Question: How do cash advances on credit cards work?
Answer: If your credit card offers a cash advance option, you can get the advance by using your PIN at an ATM or by using a convenience check that’s sent to you by your issuer.
This might sound like an easy way to get a quick loan, but you’ll find this is a very expensive way to solve a cash flow problem. Here are the disadvantages:
- Cash advance fee. You’ll be charged between 3-5 percent of your advance. So if you withdraw $2,000, you’ll pay up to $100 right off the bat to get the money.
- Higher APR. The APR for a cash advance is much higher than your purchase APR. I’ve seen cash advance APRs that are higher than 25 percent.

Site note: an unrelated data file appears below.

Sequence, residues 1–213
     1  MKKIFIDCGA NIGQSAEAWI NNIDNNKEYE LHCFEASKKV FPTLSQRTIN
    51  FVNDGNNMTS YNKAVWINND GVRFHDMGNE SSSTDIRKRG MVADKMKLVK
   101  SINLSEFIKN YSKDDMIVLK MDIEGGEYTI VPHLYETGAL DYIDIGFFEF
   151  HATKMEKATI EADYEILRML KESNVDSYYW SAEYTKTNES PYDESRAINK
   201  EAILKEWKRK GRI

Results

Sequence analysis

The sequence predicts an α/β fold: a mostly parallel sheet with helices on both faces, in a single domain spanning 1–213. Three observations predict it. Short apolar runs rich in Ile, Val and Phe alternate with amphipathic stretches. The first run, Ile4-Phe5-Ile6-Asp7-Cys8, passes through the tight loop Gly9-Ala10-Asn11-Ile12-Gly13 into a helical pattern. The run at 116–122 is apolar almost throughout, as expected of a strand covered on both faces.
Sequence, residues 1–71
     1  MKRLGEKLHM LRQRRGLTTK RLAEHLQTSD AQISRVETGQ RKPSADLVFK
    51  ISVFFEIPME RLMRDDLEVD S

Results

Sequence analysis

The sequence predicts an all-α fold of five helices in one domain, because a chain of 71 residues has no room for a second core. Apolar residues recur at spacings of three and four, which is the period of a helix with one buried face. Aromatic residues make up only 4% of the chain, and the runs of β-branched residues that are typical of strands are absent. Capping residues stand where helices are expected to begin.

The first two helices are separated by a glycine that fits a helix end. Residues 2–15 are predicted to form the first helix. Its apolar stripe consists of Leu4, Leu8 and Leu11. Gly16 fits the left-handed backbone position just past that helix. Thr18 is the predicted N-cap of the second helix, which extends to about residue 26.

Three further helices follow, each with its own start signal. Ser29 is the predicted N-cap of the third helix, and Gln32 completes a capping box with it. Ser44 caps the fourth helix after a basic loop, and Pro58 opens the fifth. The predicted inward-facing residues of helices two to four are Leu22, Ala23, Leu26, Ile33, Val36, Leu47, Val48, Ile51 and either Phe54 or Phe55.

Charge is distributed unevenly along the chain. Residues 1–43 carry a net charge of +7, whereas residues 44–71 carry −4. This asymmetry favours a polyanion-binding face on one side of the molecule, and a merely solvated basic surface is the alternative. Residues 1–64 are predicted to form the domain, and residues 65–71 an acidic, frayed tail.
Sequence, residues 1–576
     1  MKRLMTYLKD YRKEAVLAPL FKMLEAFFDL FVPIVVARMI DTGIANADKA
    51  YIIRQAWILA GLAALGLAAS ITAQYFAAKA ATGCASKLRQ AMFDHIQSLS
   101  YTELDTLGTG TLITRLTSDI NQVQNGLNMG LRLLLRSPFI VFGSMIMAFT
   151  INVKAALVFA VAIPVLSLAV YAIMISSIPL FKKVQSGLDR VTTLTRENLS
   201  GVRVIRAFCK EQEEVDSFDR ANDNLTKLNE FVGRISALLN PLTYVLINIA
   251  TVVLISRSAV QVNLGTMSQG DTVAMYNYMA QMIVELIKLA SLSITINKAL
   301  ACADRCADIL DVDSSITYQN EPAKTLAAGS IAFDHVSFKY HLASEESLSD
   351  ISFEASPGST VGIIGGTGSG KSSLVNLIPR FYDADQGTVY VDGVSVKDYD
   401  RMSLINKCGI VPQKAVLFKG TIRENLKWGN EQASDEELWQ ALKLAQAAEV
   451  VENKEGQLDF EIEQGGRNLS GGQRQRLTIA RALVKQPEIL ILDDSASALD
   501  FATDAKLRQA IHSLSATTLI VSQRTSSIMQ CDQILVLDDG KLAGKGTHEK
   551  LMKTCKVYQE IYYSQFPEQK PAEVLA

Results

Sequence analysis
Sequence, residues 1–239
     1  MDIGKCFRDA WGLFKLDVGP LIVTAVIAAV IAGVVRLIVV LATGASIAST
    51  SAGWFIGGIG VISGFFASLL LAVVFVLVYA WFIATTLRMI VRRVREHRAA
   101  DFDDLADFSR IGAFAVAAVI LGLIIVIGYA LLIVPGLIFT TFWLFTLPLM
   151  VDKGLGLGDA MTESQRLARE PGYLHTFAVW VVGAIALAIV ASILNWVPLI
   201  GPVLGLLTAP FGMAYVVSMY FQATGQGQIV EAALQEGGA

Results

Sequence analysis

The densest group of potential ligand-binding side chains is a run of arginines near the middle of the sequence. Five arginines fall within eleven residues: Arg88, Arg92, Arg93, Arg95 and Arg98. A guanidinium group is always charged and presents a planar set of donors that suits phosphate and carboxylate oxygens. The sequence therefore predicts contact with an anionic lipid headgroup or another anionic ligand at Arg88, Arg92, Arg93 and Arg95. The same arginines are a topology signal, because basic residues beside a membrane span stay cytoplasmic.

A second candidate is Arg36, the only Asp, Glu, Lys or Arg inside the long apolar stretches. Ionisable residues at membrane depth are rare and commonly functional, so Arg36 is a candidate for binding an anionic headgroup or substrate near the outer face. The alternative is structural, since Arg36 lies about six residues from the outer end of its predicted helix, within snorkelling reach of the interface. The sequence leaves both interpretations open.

- No grace period. Typically, the interest expense clock starts as soon as you swipe your card at the ATM.
With a $2,000 cash advance, you’re looking at up to $100 in fees and then around $42 in interest expense if you pay it off in one month. So you end up paying around $142 to borrow $2,000 for one month.
Does getting a cash advance ever make sense? I suggest you explore every other possibility before getting a cash advance on your credit card. The only circumstances where this isn’t likely to become a financial disaster for you is if you’re in a dire emergency and you know you’ll be able to pay it back within the month.
Image: billaday, via Flickr.com